Interested in exploring podcasting as a technique for distributing multimedia content on the Internet? To understand this technology, we will begin by exploring RSS feeds. RSS underlies podcasting.
RSS stands for Really Simple Syndication. It has been around for several years, but became popular as blogs (web logs) grew in use. The idea is to have an easy way to distribute fresh content regularly to interested readers without having them have to browse back to the originating site. For example, a blogger might post a new "story or "commentary" every 6 hours. A reader "subscibes" to a service to have this content automatically downloaded to their computer. Think of this as the Internet equivalent to subscibing to a newspaper or magazine automatically delivered to you. The content is called "syndicated content." RSS is a system under which someone can set up a "feed" to automatically receive a notice of this new content (perhaps a title) and can click to download it if they want it. The person receiving the content uses a program (might be a browser or a different program) called an aggregator. The aggregator program receives "headlines" or "titles" of newly posted items in feeds or blogs that the user has subscribed to. To make this more concrete, consider the following actual examples:
CNN offers an RSS feed of its headlines. To see this, in your favorite browser go to www.cnn.com. In your browser you'll see:
See the RSS logo circled on the right. (In other browsers, a different icon might appear. For example, Firefox uses: .) If you click the icon, you can subscribe to get an RSS feed from the CNN site. Firefox itself is an aggregator program, so it is used in the discussion that follows. If you subscribe, a "live bookmark" is created so that if you go to the Bookmarks pulldown and go to Bookmarks Toolbar Folder, you see the headlines as if they were bookmarks. These will change automatically for you. You have subscribed to CNN's syndicated content. See the example below (from the Spring of 06):
In the following, we've subscribed to two other RSS feeds. The first is called "Blog for America" and the second is a blog of tips on digital photography.
So what does RSS have to do with podcasting? Although any posted audio or video file may get called a podcast, the term podcast refers to an RSS feed of audio and/or graphics and video files that is used with iTunes as the aggregator program. The iTunes program (free for both Windows and Macintosh computers) dominates digital audio and podcasting in much the same way Photoshop dominates graphics editing. It is very easy to use and it integrates easily with iPods. (It is not necessary to have or use an iPod for creating or subscribing to podcasts.)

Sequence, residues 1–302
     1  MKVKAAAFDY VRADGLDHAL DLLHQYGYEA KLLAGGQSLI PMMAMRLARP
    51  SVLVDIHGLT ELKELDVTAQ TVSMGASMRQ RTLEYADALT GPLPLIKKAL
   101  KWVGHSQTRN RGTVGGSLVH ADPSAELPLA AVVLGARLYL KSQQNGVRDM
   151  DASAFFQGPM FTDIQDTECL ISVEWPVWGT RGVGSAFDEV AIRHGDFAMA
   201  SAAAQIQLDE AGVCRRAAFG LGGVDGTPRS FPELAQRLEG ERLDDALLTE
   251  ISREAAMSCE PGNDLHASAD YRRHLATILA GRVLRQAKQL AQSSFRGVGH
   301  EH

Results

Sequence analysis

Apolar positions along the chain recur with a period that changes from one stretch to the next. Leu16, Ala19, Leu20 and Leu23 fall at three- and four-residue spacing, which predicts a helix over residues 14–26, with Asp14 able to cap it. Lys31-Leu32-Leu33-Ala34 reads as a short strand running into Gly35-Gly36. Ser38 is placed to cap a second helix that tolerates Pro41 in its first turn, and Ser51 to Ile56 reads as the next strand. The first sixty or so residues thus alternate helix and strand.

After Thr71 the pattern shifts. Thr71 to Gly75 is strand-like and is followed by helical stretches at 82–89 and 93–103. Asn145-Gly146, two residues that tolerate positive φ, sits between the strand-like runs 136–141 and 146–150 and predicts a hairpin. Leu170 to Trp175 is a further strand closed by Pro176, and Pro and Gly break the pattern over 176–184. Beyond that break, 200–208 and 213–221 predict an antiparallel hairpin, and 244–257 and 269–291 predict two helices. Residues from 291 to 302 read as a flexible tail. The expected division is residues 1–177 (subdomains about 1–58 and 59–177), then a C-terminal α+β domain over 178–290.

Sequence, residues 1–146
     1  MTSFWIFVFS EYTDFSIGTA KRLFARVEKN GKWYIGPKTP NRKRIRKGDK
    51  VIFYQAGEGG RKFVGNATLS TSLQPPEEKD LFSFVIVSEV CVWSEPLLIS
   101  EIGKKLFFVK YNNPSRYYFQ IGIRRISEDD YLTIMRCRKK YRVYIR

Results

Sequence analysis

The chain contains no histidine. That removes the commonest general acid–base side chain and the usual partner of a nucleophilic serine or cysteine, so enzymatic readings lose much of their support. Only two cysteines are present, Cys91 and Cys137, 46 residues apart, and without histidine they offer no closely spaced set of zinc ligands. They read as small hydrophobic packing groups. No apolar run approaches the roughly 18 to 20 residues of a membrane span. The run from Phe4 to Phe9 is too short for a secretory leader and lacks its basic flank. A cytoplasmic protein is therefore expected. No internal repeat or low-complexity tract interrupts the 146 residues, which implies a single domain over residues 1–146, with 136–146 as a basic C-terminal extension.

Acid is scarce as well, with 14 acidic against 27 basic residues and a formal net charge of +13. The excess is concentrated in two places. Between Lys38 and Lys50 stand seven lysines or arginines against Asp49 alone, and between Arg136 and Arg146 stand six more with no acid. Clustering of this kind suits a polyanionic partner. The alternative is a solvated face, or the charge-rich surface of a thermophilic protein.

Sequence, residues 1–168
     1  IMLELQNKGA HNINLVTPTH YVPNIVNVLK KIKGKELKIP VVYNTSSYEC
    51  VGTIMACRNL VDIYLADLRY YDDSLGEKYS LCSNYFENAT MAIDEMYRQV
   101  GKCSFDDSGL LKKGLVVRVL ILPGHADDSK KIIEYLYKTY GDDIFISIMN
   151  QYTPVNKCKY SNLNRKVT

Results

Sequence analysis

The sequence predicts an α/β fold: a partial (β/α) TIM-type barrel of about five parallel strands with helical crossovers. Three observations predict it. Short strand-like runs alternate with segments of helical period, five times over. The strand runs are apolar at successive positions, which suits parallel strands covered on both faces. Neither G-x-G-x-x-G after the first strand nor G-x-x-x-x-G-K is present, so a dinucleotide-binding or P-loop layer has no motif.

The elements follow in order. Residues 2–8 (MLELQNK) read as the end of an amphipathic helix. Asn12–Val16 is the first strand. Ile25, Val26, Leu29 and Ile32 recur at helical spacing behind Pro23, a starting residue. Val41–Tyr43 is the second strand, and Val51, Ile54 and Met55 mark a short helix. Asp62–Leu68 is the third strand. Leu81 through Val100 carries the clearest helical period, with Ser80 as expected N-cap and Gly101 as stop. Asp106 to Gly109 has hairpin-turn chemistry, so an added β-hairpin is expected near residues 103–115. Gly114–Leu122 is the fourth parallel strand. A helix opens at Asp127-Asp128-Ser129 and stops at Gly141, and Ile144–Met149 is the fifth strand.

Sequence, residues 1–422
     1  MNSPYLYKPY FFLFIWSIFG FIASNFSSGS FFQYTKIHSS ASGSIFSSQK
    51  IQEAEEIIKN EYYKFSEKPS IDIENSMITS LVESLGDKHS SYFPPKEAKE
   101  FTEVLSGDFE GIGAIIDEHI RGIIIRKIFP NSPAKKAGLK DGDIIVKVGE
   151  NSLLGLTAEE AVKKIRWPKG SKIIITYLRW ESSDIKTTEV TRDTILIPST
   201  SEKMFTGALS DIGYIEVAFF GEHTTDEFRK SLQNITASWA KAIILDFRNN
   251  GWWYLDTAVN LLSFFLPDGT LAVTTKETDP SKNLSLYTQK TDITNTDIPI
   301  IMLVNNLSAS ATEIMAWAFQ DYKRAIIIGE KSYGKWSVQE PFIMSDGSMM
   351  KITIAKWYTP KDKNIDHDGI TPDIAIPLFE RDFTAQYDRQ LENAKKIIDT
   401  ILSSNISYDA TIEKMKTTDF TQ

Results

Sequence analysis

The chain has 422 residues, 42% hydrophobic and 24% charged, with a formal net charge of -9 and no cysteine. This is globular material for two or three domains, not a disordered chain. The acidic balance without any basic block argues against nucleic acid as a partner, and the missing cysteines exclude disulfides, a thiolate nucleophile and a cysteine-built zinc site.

The basic steps to create a podcast are the following:
1) Record content to a computer. Use a microphone attached to a computer, a wireless microphone tranmitting to a computer, or an iPod with a microphone attachment that is then synchronized with a computer. In any case, create an audio file with content. We will explore below and elsewhere techniques for doing this.
2) Edit the content (or not). To edit, use Garage Band on an Apple computer or Audacity on Windows. Garage Band editing is described below.
3) Publish the file to a podcast server. In this seminar, you will use a special server account and a server program called weblog to "publish" your own podcasts.
4) You and others can then subscribe to your podcast (as well as those of anyone else). Generally this is done using a web browser. Connect to the server's site and click appropriate buttons to subscribe. This will set up a new item in iTunes podcast listings.
Before September, we'll have you using Apple's iTunes University to play and publish podcasts, but its not quite ready yet. We're setting up a few classrooms where you'll have a really simple method to record voice and publish your recording. We're trying to automate every step we can. For now, we'll look at the process if you want to creat a podcast with "more to it."